Now participate in the vision of the protagonist agreeing to marry the owner, only to find at the inception of her new relationship that her own clothes have been vandalized by a hideous vision who wakes her in the night, having somehow gained entrance to her sleeping chamber. The owner tells her that she must have imagined it, or that it is a servant, and yet this only temporarily solves the manifold problems, one of which is that for some time past, all the frightening incidents in the night and mysteries in the day have caused the main character to have nightmares about crying infants whom it’s impossible to soothe. With short surcease for joy, the prospective marital pair approach the altar, where the ceremony is stopped and the protagonist finds out that a madwoman locked in the attic of the old manor is not only the source of all the chaos in the house, but that the lunatic is also the homicidal first wife of the erstwhile bridegroom, and is still living!
Is this sounding strangely familiar? By now it should–it’s the story, re-told with a slight emphasis on its fantastical and seemingly supernatural side, of Charlotte Brontë’s famous novel Jane Eyre. The rest of the novel focuses, as you may already know, on the year Jane spends apart from her male lead, Mr. Rochester, her receipt of another proposal from someone she cannot bring herself to love, and her eventual return to the old manor house, Thornfield, when she learns that the mad wife is dead, having burned the house to the ground and incidentally maimed Mr. Rochester in the process. There is only one real supernatural feature of this portion of the novel, and that occurs just before Jane returns, when she is thinking about whether or not to marry “the other guy,” and has a sort of auditory hallucination of Mr. Rochester calling out to her in grief and misery. It is later when she sees him again that she hears from his own lips that he was in fact calling out to her that very night at that time. And then, of course, we have our requisite moderately happy ending, charming and no doubt satisfying to Charlotte Brontë in its moral aspects (which I have largely suppressed in order to make the point that this novel resembles a standard Gothic in many of its characteristics).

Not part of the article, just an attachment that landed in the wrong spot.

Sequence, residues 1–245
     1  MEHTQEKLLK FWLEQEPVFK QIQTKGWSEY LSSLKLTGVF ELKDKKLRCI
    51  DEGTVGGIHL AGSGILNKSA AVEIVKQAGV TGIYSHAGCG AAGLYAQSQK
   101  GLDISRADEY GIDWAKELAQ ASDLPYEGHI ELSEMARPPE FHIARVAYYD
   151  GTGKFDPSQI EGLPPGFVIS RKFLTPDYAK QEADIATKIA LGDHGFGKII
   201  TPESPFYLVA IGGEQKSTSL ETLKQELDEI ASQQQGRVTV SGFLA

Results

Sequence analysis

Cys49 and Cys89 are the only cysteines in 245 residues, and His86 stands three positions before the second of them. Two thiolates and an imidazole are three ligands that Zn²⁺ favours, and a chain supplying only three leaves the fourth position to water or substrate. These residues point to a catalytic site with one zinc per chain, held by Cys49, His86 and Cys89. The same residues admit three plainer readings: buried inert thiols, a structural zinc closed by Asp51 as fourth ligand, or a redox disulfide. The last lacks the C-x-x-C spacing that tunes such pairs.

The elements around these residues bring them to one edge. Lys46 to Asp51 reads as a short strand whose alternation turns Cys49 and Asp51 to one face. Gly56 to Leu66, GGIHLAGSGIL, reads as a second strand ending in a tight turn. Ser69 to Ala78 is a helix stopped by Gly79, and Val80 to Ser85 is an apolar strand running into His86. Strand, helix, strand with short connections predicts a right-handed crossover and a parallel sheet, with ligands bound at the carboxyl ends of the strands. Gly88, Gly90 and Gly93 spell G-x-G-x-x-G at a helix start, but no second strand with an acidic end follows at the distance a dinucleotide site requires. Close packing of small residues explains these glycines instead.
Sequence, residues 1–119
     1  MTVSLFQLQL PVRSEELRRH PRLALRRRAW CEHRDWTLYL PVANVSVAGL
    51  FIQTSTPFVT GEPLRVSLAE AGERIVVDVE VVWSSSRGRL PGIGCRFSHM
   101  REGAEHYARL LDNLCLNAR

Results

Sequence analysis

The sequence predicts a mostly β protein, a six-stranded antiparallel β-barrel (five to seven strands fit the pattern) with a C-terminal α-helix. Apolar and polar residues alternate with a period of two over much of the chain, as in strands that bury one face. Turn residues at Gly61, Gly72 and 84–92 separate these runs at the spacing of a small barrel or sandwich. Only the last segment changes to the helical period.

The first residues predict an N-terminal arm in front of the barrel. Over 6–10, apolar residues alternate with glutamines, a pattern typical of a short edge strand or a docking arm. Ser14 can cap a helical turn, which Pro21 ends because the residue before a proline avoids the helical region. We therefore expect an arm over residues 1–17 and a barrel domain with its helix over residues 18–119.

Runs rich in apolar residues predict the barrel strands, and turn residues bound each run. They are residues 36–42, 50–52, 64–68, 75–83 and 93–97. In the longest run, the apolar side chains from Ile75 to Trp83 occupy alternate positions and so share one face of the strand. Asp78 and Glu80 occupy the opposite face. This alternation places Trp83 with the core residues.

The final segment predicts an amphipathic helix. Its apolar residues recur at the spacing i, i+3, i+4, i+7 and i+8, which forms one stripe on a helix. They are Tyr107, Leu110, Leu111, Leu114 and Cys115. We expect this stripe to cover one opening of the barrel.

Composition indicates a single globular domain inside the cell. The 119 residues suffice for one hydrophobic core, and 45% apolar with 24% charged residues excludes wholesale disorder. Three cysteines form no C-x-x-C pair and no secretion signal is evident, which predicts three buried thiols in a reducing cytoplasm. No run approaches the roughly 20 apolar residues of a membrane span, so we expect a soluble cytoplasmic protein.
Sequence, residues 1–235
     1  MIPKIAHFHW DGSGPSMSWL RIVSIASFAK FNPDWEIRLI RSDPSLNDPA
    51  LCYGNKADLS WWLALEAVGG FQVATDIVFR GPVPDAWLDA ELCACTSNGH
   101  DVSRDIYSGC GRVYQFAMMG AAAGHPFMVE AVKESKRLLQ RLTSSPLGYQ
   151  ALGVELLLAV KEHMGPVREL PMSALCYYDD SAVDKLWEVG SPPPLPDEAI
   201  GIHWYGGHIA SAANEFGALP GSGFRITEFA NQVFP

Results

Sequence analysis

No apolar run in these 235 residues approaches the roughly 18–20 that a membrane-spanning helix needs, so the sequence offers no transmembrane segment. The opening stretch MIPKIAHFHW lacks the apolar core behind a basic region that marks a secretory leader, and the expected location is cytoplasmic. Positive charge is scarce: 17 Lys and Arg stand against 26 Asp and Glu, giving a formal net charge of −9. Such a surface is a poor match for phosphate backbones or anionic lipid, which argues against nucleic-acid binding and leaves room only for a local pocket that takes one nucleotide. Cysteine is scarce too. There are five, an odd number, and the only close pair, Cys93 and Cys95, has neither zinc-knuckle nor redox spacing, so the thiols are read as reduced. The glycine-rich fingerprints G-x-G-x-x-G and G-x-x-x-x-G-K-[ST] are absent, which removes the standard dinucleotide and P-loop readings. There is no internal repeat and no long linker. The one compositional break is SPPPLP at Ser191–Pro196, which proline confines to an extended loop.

So there you have it: a good, suspenseful read for Halloween, which neither neglects the necessary chill in the blood nor disallows that a woman may love a man whom both the more squeamish moralist and the self-appointed judge of male beauty might scorn, a sort of precursor to the love of “monsters” in contemporary horror cult classics. Why did I deceive you and say “picture this tale”? Because this novel first reached me (when I was nine or ten) in the Classics Illustrated comic book edition, my generation’s version of the graphic novel. This post represents my third time through the “real thing.” Now, it’s your turn to have another look at this “bootiful” novel.
Hello, readers! It’s not that I’m getting lazy, just that I have been busy with many other things, including reading things to post about. I will be back when I have something else read, I hope another post for Halloween. Until then, feel free to browse back posts if they interest or motivate you–I’ll be glad to hear from you.